The Role of CCS in Industry Clusters in Delivering Value to the Political Economy

Research output: Book/ReportOther report

Abstract

Government departments responsible for energy and climate policy around the world, partly informed by low carbon energy system projections, have demonstrated support for development of carbon capture, use and storage (CCUS). However, as evidenced by the 2015 withdrawal of financial support for the UK CCS Commercialisation Competition, it has proven challenging to convince national treasuries of the merits of public support. For those budget holders, CCS may essentially be seen as a complex, expensive pollution control system that requires extensive up-front investment and adds to production costs.
Our work at the Strathclyde Centre for Energy Policy (CEP) aims to move consideration of and narrative development around CCUS into the public policy domain that encompasses not only energy and climate, but also economic and social policies. An initial stage of our work culminated in 2018 through a series of policy briefing and research activities that had important impacts at Scottish, UK and European. This was through our evidence to the UK CCUS Cost Challenge Taskforce (see p.24 and recommendation #9 focussing on the need to assess value of CCUS to the wider UK economy) and our contribution to the 2019 Zero Emissions Platform report on ‘The Role of CCUS in a Below Two Degrees Scenario’. The former fed through to consideration of CCUS infrastructure in an industrial cluster context in the UK Government’s 2018 CCUS ‘Action Plan’.
LanguageEnglish
Place of PublicationGlasgow
PublisherUniversity of Strathclyde
Number of pages2
DOIs
Publication statusPublished - 4 Jul 2019

Fingerprint

political economy
industry
Values
energy policy
energy
climate policy
production costs
action plan
public support
commercialization
Carbon
Industry cluster
Political economy
withdrawal
control system
Economic Policy
projection
budget
public policy
climate

Keywords

  • CCS
  • carbon capture, use and storage
  • energy
  • economic multiplier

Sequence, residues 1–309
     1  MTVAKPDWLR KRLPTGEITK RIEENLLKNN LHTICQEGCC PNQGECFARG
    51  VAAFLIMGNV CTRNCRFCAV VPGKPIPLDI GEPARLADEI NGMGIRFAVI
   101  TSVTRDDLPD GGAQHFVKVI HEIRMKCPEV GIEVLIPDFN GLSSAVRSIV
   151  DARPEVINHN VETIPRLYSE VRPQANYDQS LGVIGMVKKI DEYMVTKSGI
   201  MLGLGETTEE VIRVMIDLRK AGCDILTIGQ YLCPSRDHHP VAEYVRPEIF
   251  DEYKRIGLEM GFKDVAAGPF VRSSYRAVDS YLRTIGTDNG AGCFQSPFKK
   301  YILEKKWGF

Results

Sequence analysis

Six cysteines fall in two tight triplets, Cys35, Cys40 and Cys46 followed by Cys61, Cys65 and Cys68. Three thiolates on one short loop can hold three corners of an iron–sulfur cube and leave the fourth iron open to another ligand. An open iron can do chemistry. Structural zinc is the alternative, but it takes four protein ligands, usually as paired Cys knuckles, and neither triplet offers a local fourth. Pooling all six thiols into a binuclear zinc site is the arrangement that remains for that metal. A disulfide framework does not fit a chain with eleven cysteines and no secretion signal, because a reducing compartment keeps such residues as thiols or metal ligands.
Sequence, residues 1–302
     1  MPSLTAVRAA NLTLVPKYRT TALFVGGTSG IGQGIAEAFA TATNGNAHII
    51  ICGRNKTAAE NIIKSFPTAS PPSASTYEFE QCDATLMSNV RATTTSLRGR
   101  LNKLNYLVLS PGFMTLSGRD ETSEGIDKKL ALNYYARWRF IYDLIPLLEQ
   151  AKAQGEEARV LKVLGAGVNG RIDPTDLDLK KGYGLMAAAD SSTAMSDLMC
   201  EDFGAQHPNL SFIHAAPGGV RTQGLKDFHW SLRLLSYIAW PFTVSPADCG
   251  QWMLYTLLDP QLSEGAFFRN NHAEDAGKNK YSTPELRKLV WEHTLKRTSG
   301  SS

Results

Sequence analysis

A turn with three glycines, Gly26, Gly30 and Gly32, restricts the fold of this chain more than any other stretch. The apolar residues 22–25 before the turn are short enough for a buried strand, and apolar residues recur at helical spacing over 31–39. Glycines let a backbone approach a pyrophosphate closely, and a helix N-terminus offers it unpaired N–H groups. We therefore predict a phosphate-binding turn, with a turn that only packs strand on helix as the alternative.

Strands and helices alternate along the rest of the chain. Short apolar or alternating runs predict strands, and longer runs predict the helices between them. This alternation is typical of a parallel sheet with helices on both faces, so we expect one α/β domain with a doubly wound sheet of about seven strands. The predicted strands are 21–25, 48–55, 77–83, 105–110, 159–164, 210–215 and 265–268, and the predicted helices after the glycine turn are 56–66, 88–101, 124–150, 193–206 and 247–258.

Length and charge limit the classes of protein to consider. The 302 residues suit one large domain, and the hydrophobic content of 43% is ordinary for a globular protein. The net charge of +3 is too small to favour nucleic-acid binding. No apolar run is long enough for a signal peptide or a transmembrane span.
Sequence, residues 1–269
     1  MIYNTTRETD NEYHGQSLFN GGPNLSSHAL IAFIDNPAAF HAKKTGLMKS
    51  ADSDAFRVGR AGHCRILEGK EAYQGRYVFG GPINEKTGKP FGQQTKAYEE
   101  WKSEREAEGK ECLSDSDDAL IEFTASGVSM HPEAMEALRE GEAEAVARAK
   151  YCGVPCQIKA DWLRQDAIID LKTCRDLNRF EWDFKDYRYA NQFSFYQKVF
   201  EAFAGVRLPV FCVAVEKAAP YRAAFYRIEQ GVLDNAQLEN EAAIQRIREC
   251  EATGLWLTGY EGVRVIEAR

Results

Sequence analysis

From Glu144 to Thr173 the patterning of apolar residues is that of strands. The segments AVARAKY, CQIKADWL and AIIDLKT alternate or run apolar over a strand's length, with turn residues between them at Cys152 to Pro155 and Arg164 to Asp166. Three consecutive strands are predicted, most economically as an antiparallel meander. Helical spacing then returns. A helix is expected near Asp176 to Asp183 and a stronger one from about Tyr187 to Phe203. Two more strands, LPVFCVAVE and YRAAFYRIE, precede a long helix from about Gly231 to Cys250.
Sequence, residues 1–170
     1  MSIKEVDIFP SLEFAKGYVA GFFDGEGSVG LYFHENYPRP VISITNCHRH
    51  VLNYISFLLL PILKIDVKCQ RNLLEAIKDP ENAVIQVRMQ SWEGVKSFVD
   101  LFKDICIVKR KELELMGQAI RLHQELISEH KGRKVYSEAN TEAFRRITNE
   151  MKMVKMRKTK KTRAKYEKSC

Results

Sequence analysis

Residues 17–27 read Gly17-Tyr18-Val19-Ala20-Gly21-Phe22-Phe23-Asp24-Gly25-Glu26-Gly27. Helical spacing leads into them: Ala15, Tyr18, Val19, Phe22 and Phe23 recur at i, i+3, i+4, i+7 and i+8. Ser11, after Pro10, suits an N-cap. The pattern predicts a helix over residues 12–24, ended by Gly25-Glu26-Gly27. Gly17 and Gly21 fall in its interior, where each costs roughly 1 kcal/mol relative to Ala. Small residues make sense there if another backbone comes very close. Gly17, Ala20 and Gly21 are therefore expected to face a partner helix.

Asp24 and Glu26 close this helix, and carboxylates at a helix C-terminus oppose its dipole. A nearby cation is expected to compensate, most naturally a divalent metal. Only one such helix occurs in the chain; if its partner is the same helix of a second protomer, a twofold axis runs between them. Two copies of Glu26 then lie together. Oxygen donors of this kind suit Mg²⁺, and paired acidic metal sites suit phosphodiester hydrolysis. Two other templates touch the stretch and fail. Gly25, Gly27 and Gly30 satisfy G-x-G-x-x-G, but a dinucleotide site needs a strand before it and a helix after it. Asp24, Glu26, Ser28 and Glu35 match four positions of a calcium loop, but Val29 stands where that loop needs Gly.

• GDP
  • economic analysis

Cite this

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title = "The Role of CCS in Industry Clusters in Delivering Value to the Political Economy",
abstract = "Government departments responsible for energy and climate policy around the world, partly informed by low carbon energy system projections, have demonstrated support for development of carbon capture, use and storage (CCUS). However, as evidenced by the 2015 withdrawal of financial support for the UK CCS Commercialisation Competition, it has proven challenging to convince national treasuries of the merits of public support. For those budget holders, CCS may essentially be seen as a complex, expensive pollution control system that requires extensive up-front investment and adds to production costs.Our work at the Strathclyde Centre for Energy Policy (CEP) aims to move consideration of and narrative development around CCUS into the public policy domain that encompasses not only energy and climate, but also economic and social policies. An initial stage of our work culminated in 2018 through a series of policy briefing and research activities that had important impacts at Scottish, UK and European. This was through our evidence to the UK CCUS Cost Challenge Taskforce (see p.24 and recommendation #9 focussing on the need to assess value of CCUS to the wider UK economy) and our contribution to the 2019 Zero Emissions Platform report on ‘The Role of CCUS in a Below Two Degrees Scenario’. The former fed through to consideration of CCUS infrastructure in an industrial cluster context in the UK Government’s 2018 CCUS ‘Action Plan’.",
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author = "Karen Turner and Julia Race and Antonios Katris and Oluwafisayo Alabi",
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day = "4",
doi = "10.17868/68739",
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AB - Government departments responsible for energy and climate policy around the world, partly informed by low carbon energy system projections, have demonstrated support for development of carbon capture, use and storage (CCUS). However, as evidenced by the 2015 withdrawal of financial support for the UK CCS Commercialisation Competition, it has proven challenging to convince national treasuries of the merits of public support. For those budget holders, CCS may essentially be seen as a complex, expensive pollution control system that requires extensive up-front investment and adds to production costs.Our work at the Strathclyde Centre for Energy Policy (CEP) aims to move consideration of and narrative development around CCUS into the public policy domain that encompasses not only energy and climate, but also economic and social policies. An initial stage of our work culminated in 2018 through a series of policy briefing and research activities that had important impacts at Scottish, UK and European. This was through our evidence to the UK CCUS Cost Challenge Taskforce (see p.24 and recommendation #9 focussing on the need to assess value of CCUS to the wider UK economy) and our contribution to the 2019 Zero Emissions Platform report on ‘The Role of CCUS in a Below Two Degrees Scenario’. The former fed through to consideration of CCUS infrastructure in an industrial cluster context in the UK Government’s 2018 CCUS ‘Action Plan’.

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